Nothing destroys the soul more in sport than teams belonging to powerhouse clubs walloping the daylights out of inferior counterparts catering for those who aren't good enough to make the cut.

If they are children's outfits then the mental scarring can be a long-term one that presumably can turn them off organised physical activities for the rest of their lives.

That is what has prompted Baseball Hawke's Bay to embrace a draft system as it tries to find a footing for its code in the province to avoid falling into the trap of nurturing the best and ignoring the rest.

"A draft system allows our coaches to pick the best from the top level and continue down through to the second, third picks so because of that it creates even-balanced teams," says Terra Groner who was appointed Baseball HB Association president at a meeting on Queen's Birthday weekend early this month.

Advertisement

Groner says the yearly regional draft system fosters the growth of leaders, discourages cliques, encourages learning from different levels of coaching styles, fairness and a sense of inclusiveness.

It reduces anxiety levels during trials because everyone will be placed in a team for equal opportunity.

"You have stronger members in each team for leadership while the rest of them will be learning from those who have the skills," says the mother whose 13-year-old son Kyle belongs to about 50 members playing in a non-paying code here.

The trials will be staged in September after the membership drive ends in August.

Baseball season will be from September to November but Groner says the intention is to carry on throughout the year not only because the youngsters can't get enough of it but also continuity in learning.

"It's creating that community and a playtime together where we all end up bonding. I call them all my kids because literally I'm with them all the time."

Chicago-born Groner, husband Fritz, St John's College pupil Kyle and 10-year-old daughter Kaia arrived here in June 2015 after embarking on a global journey of discovery from Los Angeles before dropping anchor in New Zealand.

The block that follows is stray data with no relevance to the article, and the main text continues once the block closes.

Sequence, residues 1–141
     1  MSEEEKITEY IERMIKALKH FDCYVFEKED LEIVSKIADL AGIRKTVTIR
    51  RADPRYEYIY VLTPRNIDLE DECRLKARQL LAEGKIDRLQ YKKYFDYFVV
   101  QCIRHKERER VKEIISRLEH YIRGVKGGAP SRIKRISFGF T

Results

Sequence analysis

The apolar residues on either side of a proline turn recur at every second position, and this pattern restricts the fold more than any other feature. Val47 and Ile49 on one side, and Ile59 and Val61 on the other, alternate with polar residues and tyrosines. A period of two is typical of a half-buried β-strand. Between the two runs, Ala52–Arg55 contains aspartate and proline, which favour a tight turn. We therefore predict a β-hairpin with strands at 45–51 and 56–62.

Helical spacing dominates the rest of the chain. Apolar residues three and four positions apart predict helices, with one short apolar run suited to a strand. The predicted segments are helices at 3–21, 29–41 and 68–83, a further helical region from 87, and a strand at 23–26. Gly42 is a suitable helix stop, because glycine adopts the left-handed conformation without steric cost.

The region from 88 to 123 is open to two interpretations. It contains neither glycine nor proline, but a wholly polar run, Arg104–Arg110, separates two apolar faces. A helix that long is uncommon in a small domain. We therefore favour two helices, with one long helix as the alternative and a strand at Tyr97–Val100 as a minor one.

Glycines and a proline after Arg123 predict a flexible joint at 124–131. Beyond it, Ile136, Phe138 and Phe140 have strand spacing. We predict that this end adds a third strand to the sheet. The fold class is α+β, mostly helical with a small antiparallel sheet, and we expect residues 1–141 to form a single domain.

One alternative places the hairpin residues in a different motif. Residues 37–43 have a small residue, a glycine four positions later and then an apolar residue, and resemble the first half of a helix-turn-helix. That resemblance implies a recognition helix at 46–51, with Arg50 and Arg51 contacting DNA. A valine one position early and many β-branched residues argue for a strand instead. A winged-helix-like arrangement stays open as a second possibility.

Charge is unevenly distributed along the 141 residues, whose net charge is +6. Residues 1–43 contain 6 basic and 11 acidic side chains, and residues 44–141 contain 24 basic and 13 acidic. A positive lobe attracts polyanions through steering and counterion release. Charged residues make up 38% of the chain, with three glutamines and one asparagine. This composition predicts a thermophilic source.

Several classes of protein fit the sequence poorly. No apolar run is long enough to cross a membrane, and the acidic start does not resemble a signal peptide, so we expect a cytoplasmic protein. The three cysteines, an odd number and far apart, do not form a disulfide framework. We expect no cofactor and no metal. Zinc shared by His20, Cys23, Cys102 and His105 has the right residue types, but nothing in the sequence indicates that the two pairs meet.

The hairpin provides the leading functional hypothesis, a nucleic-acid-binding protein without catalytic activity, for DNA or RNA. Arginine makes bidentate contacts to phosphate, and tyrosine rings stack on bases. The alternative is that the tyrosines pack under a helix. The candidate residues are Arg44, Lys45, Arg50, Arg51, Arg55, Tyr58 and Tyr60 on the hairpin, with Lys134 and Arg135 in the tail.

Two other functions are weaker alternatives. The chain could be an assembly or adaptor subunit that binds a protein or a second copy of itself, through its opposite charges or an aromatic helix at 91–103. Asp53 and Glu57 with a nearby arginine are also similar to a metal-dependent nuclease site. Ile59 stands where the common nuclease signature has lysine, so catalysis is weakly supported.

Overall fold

"It reminded us here of the United States almost 25 years ago when all that craziness wasn't going on. We don't have to worry about safety here," she says, after settling in Napier.

Groner picked up where Farley Keenan, of Hastings, left in trying to create a pathway for Kyle to achieve his Major League Baseball (MLB) dream.

"This turned into something bigger than just him. It is now about all the kids who want to play and dream big. And dream big they can with local, regional, national and overseas opportunities."

In Baseball HB's crusade, they enlighten prospects of the number talent scouts and former MLB players in New Zealand supporting growth.

"This never happens in an average town in America, let alone New Zealand. It is a grand opportunity Baseball NZ has created for all."

The Groners had noticed how other codes - such as cricket, netball, rugby, soccer - had "heavy all stars" gravitating to one team thus generating apathy among others lacking that sort of pedigree wondering why they should bother turning up for competitions when the result was obvious.

"We don't want that in our environment. We want them to be extremely close in numbers ... to up their skills through play and equal opportunity to grow."

Groner says parents are reluctant to put their children into codes "because they know they are going to be smashed by the other ones".

Under their one Baseball HB umbrella that will not be an issue.

Negating the need to put emphasis on trials will mean children won't have to develop an inferiority complex through rejection.

"It's not that you're picked because you're the best or that you don't have any skills yet. It's about building individual teams that are well balanced."

With 11 youngsters returning from a baseball tournament in Auckland recently, Groner says they can build just as many teams because "they can be evenly spread" in a buddy system where the skilled player becomes the beacon.

Baseball HB members aim to approach schools to spread the word through their assemblies, followed up on a Sunday with a "Have A Go" session at Akina Park, Hastings. This Sunday will be the first one from 1pm.

The code is working in harmony with softball and are amicably sharing the Akina Park and Tareha Reserve venues in consultation with Hastings District and Napier City councils.

"We encourage anyone who wants to be an MLB player to go play softball and vice versa because it's more play and the two codes are very similar although there are a few differences that cause adjustments."

However, plans are under way to identify and develop a proper-sized venue because softball arenas allow for 20m diamonds whereas baseball requires 30m ones for youngsters who turn 13.

Baseball HB has held informal talks with councils but the goal is to establish it within two years.

"Baseball NZ has been amazing in getting MLB players to create opportunities," she says, adding by building here people won't have to travel to Auckland.